In 2013, The Washington Post asked Michael S. Rodman, executive director of the Kentucky Board of Medical Licensure, how the NBO fit into Kentucky law. “The Kentucky Board of Medical Licensure does not license physicians based on their specialty board certification nor is it a requirement for licensure,” he said. However, the “Board does address specialty board certification through our regulation on physician advertising.” He confirmed that if a board is not on his group’s list, a physician cannot advertise as being board-certified. NBO was not on the list.
A TPMmuckraker investigation found that the NBO was not a member of the American Board of Medical Specialties, an umbrella group for medical-specialty organizations, and officials for the American Academy of Ophthalmology and the American Society of Cataract and Refractive Surgery told the news organization they had never heard of the group. According to a 2010 report from the Courier-Journal (below), the NBO “is not recognized by the American Board of Medical Specialties, which works with the American Medical Association to approve such specialty boards.”
According to the Kentucky Secretary of State’s website, Paul’s family members did make up the NBO’s leadership. He was the president, his wife, Kelley Paul, was vice president and director, and Hilton Ashby, his father-in-law, was secretary. In 2010, TPMmuckraker reached out to Ashby to learn more about his involvement in the board, and he said, “I can’t tell you what the organization does.” When he was informed that he was listed as the group’s secretary, he said: “I was at one time involved as a secretary on something. But I don’t know whether it was about that specifically or not.” Paul’s wife also declined to comment for the Courier-Journal report, saying, “I’m not involved in that. I’m not officially talking about that today.” Neither of them are medical professionals.
NBO’s board was dissolved by the state in 2000 after Paul missed a filing deadline, and though he kept it running, it remained legally unrecognized. He restarted the board officially in 2005 and filed annual reports until 2010, and the NBO was dissolved again by Kentucky in 2011. Its current standing is ranked as “Bad” on the Secretary of State’s site.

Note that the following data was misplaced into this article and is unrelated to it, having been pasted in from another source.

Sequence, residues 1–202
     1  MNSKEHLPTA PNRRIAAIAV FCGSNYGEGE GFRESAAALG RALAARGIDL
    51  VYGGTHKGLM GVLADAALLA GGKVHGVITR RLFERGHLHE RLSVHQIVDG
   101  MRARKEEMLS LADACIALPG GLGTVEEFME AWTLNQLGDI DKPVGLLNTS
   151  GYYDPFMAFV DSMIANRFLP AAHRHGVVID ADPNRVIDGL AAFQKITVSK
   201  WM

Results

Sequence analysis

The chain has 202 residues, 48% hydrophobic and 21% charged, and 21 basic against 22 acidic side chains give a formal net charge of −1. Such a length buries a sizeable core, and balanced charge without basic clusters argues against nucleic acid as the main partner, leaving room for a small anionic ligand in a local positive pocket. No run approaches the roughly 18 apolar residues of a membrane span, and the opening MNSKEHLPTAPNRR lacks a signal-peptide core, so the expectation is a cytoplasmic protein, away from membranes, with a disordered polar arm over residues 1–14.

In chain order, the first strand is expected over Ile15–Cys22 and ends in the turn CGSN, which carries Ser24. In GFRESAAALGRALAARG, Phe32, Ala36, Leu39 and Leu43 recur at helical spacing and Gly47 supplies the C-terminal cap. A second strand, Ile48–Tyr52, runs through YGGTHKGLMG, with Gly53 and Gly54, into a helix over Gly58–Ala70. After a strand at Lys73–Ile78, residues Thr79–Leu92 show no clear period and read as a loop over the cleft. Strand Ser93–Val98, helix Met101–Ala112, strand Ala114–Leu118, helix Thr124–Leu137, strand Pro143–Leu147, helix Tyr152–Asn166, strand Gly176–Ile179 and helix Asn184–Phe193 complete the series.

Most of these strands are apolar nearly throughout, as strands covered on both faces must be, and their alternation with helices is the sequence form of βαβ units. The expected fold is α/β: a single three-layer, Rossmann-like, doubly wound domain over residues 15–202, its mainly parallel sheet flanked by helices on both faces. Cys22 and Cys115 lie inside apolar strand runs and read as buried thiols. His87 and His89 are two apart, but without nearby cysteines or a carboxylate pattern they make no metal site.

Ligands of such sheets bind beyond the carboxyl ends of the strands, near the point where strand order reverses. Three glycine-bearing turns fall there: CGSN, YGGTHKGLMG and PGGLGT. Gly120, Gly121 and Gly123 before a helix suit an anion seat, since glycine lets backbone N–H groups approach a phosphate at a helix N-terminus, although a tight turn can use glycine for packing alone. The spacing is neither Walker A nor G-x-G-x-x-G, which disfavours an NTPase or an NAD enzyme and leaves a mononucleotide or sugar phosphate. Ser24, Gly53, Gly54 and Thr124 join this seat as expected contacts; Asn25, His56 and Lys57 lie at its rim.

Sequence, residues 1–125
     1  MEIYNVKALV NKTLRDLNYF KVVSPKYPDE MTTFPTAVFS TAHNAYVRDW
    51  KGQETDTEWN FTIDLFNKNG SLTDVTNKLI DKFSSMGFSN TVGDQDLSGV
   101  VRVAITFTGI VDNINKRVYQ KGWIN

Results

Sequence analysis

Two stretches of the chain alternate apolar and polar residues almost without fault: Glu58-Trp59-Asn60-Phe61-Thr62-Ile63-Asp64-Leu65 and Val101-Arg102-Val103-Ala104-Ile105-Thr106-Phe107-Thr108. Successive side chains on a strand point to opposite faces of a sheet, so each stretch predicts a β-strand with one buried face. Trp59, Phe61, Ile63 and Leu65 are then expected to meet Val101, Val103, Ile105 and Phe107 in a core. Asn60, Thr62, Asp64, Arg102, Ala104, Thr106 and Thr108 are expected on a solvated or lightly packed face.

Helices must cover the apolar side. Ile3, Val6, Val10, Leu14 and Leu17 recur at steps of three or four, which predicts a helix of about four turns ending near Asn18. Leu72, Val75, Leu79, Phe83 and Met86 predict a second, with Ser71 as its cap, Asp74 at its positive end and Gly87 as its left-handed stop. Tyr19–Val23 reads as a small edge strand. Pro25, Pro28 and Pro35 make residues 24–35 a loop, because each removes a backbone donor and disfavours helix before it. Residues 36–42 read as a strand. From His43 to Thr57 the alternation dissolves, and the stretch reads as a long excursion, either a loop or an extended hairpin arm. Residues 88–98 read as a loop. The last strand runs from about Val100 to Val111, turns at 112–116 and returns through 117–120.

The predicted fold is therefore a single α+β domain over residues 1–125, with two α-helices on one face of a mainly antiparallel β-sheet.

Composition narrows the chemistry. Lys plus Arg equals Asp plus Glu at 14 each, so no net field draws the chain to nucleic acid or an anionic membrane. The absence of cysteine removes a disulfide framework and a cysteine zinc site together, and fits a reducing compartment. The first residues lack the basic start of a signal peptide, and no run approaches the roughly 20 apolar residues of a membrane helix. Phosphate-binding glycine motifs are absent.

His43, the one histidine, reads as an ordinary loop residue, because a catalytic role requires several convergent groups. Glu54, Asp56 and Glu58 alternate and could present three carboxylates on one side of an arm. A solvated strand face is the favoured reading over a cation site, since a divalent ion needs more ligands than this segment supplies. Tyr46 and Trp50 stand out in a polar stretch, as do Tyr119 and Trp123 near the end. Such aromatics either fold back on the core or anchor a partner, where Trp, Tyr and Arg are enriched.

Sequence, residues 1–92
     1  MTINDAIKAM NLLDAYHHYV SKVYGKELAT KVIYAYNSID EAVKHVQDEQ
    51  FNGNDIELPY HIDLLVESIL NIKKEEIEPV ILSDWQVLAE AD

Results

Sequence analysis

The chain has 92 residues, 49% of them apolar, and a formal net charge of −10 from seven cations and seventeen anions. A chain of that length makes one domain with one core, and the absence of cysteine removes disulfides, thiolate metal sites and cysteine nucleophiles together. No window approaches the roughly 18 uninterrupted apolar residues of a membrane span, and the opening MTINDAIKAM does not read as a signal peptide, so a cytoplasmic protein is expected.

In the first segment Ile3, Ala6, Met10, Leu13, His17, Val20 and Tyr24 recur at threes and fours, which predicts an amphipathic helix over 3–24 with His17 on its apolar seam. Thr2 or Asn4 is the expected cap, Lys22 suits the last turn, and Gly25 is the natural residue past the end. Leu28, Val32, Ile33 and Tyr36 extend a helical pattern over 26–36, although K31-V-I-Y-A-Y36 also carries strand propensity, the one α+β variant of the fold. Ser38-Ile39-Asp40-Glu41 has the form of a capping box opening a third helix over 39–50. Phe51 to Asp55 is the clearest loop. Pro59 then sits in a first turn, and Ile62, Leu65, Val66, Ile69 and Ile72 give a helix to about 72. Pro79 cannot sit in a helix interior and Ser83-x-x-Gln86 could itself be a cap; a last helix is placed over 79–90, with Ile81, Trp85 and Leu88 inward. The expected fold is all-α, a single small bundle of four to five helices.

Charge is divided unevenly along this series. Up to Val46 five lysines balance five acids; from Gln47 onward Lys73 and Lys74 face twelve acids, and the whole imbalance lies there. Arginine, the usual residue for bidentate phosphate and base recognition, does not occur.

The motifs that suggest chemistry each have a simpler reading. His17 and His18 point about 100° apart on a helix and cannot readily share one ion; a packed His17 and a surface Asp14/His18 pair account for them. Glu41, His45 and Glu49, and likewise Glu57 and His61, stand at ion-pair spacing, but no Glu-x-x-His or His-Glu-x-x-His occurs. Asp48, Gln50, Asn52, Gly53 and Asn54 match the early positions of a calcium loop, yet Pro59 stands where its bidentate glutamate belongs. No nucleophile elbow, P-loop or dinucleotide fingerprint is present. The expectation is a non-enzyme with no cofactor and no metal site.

In 2013, The Washington Post wrote that Paul continued to present himself as “board-certified” even though the NBO had been out of business since 2011. His profile on the website of the TriStar Greenview Regional Hospital, said “Specialty Board Certifications: Ophthalmology” in 2013, though it appears to have been removed since then. And on the Healthgrades website, Paul’s physician entry once read “Ophthalmology, Board Certified,” though he does not appear to have an entry anymore. The same report said that Paul had not been certified by any board recognized by the state of Kentucky since 2005 and since 2011 had no board certification since his organization was dissolved. Paul has, however, tweeted about volunteering at the TriStar Greenview Regional hospital during the COVID-19 pandemic. A representative for the hospital did not respond to our questions about the way Paul was presented on their website in 2013, but directed us back to the “active physicians” listed on it, and Paul is no longer there.
We have reached out to Healthgrades, and will update this post if we receive more information.
Based on his Senate website, Paul says he “currently performs pro-bono eye surgeries for patients across Kentucky. Additionally, he provides free eye surgery to children from around the world.” We have been unable to find recent examples of Paul presenting himself as “board-certified,” beyond the 2013 Washington Post report.
We reached out to Paul’s office to get their response on the above reports and will update this piece if we receive more information.
Given the public records describing the state of the NBO, Paul’s own statements, his board certification by the ABO until 2005, and the lack of information around how he presents himself today, we rate this claim as a “Mixture.”